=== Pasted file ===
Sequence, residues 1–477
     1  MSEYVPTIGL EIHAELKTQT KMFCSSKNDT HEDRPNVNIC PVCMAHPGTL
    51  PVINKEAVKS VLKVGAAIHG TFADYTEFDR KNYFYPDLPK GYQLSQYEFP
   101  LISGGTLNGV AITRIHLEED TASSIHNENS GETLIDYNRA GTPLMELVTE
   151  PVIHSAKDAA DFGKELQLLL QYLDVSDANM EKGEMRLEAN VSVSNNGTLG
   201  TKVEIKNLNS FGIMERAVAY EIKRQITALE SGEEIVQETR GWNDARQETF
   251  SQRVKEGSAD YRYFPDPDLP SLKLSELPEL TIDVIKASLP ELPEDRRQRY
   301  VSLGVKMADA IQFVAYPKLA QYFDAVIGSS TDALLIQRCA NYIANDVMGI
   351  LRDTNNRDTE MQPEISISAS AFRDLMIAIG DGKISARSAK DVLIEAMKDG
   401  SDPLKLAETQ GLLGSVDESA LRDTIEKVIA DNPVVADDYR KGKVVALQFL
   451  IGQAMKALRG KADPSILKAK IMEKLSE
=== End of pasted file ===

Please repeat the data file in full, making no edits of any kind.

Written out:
Sequence, residues 1–477
     1  MSEYVPTIGL EIHAELKTQT KMFCSSKNDT HEDRPNVNIC PVCMAHPGTL
    51  PVINKEAVKS VLKVGAAIHG TFADYTEFDR KNYFYPDLPK GYQLSQYEFP
   101  LISGGTLNGV AITRIHLEED TASSIHNENS GETLIDYNRA GTPLMELVTE
   151  PVIHSAKDAA DFGKELQLLL QYLDVSDANM EKGEMRLEAN VSVSNNGTLG
   201  TKVEIKNLNS FGIMERAVAY EIKRQITALE SGEEIVQETR GWNDARQETF
   251  SQRVKEGSAD YRYFPDPDLP SLKLSELPEL TIDVIKASLP ELPEDRRQRY
   301  VSLGVKMADA IQFVAYPKLA QYFDAVIGSS TDALLIQRCA NYIANDVMGI
   351  LRDTNNRDTE MQPEISISAS AFRDLMIAIG DGKISARSAK DVLIEAMKDG
   401  SDPLKLAETQ GLLGSVDESA LRDTIEKVIA DNPVVADDYR KGKVVALQFL
   451  IGQAMKALRG KADPSILKAK IMEKLSE